## Sunday, May 31, 2020

### Imaginary Numbers on the ACT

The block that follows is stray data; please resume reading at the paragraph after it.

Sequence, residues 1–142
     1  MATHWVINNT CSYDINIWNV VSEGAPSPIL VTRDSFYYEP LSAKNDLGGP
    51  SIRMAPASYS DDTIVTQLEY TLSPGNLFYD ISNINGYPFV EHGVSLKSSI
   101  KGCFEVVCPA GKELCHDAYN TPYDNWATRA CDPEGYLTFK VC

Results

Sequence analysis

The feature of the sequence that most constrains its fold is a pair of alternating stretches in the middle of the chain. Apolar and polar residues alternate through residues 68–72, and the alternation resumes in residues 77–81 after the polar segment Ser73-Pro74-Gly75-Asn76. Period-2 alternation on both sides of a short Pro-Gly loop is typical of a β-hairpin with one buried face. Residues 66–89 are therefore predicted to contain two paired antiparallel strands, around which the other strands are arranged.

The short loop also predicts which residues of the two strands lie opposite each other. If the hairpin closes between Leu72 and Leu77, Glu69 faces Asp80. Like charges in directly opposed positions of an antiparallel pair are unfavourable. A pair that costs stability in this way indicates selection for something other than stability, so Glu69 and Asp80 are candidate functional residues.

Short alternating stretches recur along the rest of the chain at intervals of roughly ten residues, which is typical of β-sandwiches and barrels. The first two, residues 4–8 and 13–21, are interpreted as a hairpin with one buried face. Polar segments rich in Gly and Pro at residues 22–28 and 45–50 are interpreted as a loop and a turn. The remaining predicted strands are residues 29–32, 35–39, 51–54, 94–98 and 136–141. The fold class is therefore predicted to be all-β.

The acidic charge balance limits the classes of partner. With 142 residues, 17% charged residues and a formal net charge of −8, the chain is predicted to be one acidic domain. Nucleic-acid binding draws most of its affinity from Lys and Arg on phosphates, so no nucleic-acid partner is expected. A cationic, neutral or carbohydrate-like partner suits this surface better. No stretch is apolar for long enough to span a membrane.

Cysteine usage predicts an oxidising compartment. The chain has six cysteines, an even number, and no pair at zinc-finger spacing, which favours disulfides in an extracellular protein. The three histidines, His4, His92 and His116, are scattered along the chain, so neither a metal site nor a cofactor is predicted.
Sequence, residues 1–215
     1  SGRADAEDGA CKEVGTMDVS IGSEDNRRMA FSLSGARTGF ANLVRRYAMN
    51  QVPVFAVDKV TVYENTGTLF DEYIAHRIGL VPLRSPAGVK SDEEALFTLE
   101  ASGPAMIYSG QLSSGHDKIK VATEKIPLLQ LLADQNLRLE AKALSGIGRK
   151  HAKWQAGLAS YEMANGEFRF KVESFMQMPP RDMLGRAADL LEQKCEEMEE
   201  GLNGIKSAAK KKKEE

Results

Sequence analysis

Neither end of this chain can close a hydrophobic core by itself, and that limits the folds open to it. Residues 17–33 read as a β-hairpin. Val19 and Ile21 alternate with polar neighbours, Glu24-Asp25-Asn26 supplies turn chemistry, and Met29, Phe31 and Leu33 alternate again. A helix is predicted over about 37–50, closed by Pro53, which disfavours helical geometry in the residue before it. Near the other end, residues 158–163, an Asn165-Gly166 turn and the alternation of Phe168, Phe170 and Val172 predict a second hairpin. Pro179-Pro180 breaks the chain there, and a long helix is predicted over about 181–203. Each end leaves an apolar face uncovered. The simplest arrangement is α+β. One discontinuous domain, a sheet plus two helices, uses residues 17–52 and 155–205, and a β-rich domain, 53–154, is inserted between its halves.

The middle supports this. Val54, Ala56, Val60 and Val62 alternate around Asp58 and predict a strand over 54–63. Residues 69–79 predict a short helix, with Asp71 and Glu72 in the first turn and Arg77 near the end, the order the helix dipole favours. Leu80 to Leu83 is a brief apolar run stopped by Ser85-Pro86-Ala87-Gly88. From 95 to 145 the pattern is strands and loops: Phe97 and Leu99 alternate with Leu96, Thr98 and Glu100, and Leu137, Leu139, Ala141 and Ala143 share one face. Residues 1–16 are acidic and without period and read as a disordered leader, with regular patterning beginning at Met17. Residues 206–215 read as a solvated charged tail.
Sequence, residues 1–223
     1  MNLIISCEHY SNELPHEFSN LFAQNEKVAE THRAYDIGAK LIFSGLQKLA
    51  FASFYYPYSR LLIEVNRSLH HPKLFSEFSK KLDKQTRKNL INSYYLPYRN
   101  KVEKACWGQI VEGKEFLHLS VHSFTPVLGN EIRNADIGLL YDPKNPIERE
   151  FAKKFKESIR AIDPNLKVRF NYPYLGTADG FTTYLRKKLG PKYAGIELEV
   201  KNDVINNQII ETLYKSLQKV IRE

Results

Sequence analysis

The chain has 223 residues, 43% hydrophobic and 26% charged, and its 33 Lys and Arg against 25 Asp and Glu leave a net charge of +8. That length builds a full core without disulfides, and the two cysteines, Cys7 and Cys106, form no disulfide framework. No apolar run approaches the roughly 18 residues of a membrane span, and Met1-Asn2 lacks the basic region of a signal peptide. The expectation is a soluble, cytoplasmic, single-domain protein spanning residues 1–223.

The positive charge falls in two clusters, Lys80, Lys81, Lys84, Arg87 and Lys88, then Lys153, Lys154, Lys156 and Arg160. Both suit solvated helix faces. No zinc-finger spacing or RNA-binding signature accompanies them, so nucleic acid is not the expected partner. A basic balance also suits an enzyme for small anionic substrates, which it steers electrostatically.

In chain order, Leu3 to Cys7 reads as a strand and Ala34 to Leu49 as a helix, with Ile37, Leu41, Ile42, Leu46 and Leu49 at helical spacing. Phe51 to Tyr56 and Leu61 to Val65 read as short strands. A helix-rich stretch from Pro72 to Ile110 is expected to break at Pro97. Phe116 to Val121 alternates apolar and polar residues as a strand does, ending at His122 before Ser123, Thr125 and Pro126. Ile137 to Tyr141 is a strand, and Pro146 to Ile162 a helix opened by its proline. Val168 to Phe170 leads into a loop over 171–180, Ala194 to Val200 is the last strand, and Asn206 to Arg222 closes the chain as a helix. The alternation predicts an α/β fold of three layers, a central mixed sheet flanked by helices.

Sadly, ACT imaginary numbers arenÃ¢â‚¬â„¢t the ones you may have come up with as a child, like eleventy-twelve. (Though if any of you become mathematicians one day, please make that happen. It would be fun!) No, real-life imaginary numbers (and isnÃ¢â‚¬â„¢t that a weird turn of phrase) were discovered/invented as a way to take the square root of a negative number. With real numbers, we canÃ¢â‚¬â„¢t do that, but by using our imaginary number, we totally can! Basically, if you take the square root of -1, you wind up with the imaginary number i Translated into math, it looks like this: Simple so far, yeah? Good, because weÃ¢â‚¬â„¢re about to introduce a little complexity up in here. Simplifying Imaginary Numbers on ACT Math Okay, letÃ¢â‚¬â„¢s take a look at an example. Say you needed to find the square root of -16. Well, how do you get the number -16? One way is to multiply 16 and -1, right? So letÃ¢â‚¬â„¢s rewrite it like this: We already know that Ã¢Ë†Å¡-1 is i, and you should know that Ã¢Ë†Å¡16 is th cycle, and everything before that cancels out. i^53 = i and i^54 = -1, so the remaining sum is i-1, so our answer is D. Remember Ã¢â‚¬Å"I -Won, -I Won,Ã¢â‚¬  and its easy! For more on imaginary numbers, check out Kristins explanation below!